Going Retro: Finding Focus

It’s been a long time since I’ve written. My family moved over the summer, so I equate the situation to eating before swimming. When you swim, all the blood goes to your muscles to keep you afloat, so your stomach gets less blood, which causes cramps. All my energy went to setting our home up, getting the kids settled, and having a three week stint with a job that didn’t pan out, so I didn’t have enough energy to blog. If I did blog, it would’ve been like “Here’s my blog. I’m doing a blog post. This is a blog. Hi.” So I didn’t blog.

Slowly but surely, my creativity started to come back. I figured I’d take advantage of it and update on some happenings.

Last week, it dawned on me that my endurance trifecta was an actual possibility. I never put much thought into the completion of it, because it’s something that doesn’t truly matter and I created it, not like I joined in a challenge……  Ok, I lied. It does matter, because no one wants to back away from a challenge they created. And there’s no reason why I can’t complete this thing.

Race #1: IMNC 70.3 – This race was supposed to be a do-over from the horrible 2017 race, when I went into it completely exhausted and depleted, and I totally melted down during the bike (I would say crash and burned, but I know enough people who have actually crashed, I won’t use that term). Then last year, Hurricane Florence forced the race to cancel, so I used my entry from last year for this year. I took the biking REALLY easy this training cycle to ensure it didn’t flare my hamstring injury from January that has decided to unpack and stay for a while. Thankfully, the injury keeps getting better, even with my increase in volume and adding incline.

I do have to say, since I’m on the trainer a lot, I got a chance to binge watch Stranger Things. I had no idea it was such a good show, and now I feel like one of the cool kids at school because I know who Eleven is. And Halloween will make so much more sense this year. So much more.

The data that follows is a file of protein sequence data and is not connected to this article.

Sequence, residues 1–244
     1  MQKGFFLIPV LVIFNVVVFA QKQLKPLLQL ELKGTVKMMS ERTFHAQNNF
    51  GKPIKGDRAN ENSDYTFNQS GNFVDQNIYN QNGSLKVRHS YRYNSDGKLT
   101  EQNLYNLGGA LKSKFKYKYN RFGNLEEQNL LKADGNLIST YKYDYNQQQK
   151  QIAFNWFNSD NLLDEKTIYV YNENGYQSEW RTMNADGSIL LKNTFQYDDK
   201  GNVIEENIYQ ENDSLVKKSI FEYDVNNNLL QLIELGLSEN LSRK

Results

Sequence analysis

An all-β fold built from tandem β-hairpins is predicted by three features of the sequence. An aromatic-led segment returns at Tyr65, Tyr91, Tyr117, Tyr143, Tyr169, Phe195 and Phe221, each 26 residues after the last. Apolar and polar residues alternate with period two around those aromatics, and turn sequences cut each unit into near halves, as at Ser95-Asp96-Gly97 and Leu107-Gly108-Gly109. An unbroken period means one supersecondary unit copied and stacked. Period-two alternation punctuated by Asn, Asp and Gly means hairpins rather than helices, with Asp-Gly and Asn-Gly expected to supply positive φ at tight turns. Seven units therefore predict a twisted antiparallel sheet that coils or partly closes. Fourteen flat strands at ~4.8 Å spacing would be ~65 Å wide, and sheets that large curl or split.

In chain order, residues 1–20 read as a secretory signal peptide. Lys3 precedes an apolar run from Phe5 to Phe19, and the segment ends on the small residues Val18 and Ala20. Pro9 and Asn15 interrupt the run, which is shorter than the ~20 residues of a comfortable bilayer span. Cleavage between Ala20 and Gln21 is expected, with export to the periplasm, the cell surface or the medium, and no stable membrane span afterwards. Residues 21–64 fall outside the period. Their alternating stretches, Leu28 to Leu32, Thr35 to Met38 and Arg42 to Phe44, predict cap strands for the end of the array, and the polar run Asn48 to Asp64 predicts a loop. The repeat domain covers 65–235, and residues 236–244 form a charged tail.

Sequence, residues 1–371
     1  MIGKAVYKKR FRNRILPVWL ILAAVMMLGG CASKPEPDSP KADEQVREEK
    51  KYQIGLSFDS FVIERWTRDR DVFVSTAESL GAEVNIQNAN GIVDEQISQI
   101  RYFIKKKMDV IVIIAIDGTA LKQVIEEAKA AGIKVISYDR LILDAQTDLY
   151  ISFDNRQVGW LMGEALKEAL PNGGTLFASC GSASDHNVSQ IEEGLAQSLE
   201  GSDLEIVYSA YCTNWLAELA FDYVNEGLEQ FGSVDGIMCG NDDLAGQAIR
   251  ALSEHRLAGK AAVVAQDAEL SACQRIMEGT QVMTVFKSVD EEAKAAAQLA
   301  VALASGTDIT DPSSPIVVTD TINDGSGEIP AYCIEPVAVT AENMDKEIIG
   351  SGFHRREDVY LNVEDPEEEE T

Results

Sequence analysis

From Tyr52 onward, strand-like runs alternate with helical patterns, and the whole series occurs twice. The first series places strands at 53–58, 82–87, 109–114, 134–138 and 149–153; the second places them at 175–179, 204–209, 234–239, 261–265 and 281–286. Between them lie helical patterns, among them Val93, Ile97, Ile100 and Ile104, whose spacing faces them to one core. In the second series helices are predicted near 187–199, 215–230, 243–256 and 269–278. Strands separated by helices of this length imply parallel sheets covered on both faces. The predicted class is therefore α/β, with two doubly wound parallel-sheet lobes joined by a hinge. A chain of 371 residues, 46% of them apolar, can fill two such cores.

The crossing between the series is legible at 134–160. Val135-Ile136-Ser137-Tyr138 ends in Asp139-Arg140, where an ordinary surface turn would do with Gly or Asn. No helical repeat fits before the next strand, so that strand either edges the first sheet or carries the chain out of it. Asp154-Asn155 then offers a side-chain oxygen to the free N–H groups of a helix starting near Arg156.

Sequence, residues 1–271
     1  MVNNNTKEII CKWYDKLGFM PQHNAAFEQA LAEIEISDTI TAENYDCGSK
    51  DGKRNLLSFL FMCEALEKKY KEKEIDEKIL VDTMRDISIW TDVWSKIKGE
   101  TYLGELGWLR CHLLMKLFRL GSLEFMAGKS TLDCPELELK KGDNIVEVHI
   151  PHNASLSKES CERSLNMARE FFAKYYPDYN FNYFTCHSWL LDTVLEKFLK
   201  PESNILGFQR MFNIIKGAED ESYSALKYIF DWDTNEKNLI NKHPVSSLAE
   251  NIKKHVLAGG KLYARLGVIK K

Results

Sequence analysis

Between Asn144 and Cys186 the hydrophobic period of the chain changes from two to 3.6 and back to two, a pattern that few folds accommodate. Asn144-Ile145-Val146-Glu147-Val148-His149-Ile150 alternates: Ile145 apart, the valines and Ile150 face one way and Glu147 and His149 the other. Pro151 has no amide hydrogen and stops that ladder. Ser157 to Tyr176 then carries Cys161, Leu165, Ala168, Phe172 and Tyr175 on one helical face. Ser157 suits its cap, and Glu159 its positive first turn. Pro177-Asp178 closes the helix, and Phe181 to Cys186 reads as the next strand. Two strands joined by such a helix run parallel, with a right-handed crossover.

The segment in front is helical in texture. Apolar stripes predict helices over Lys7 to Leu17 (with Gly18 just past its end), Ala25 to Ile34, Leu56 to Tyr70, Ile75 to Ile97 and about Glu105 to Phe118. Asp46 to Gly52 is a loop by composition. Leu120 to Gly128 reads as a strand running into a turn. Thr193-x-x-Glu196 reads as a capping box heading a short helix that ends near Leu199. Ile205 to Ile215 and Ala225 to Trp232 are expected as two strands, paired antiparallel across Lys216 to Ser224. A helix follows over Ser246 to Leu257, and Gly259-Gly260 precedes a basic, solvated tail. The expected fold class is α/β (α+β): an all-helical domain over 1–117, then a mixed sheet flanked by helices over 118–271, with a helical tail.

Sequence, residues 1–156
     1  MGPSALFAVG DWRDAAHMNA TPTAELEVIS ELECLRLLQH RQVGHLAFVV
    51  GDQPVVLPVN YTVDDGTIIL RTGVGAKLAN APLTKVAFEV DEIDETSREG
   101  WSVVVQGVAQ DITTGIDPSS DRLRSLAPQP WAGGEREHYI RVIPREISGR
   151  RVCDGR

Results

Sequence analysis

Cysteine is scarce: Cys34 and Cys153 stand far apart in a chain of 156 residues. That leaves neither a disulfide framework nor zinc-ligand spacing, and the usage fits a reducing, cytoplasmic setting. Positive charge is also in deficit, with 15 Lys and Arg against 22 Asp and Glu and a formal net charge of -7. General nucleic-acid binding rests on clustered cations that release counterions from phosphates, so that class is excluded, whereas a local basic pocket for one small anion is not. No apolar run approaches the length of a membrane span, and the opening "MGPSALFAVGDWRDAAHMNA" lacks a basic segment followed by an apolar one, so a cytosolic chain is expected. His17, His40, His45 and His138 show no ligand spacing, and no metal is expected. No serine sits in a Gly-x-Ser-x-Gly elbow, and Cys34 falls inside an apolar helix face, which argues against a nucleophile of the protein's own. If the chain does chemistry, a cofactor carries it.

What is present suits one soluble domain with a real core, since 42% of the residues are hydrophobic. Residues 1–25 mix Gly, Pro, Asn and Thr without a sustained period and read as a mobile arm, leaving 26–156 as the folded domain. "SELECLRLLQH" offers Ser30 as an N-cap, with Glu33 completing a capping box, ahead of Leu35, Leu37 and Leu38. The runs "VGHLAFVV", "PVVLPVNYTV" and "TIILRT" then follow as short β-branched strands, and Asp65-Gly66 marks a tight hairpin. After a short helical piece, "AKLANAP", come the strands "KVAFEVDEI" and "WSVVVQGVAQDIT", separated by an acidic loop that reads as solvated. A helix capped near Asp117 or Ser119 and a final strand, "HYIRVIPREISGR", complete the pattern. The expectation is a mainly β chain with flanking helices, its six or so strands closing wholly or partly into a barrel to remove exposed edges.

Swimming has gone well….. let’s just say I’m getting it done. I had a tantrum slash pity party in the middle of my swim last week. I was sucking air and frustrated, so I stopped in the middle of the lane. UGH! I had a little talk with myself and decided that I’d better get comfortable with being uncomfortable REALLY QUICK, and to have a cup of “suck it up” with a side of “STOP WHINING”. Let’s say the 2600 meter swim this week went way better.

no whining

Running. Oh, running. There’s a huge difference between summer running and non-summer running, and when I say summer, I mean all the seasons because it’s never really cold here. I literally think it’s going to stay in the 90’s until the end of time. I’ve had some decent runs, and some non-decent runs, and ones where I’m all like, “what the hell was that?”, and some that are “THAT’S what running is”. I don’t do well in the heat and humidity, which, for me, is pretty much anything above 60. Give me some 40-degree days and I can run forever.

How ironic is it that when I’m running and getting on with a big diatribe of how horrible and hot I am, I’m listening to audio books where the runners are competing in the Badwater 135, where it’s basically the temperature of a casserole-ready oven. So I take what I can from those authors and their experiences with something so unbelievably uncomfortable, and know that all I need to do is keep moving forward and keep my chin up. It’s that simple. It sucks that my pace is 2-3 minutes slower than my cold weather pace and that I probably will pass on training for another fall marathon, but I’m out there getting it done, flushing my body free of all the water it has ever taken in.

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This is me.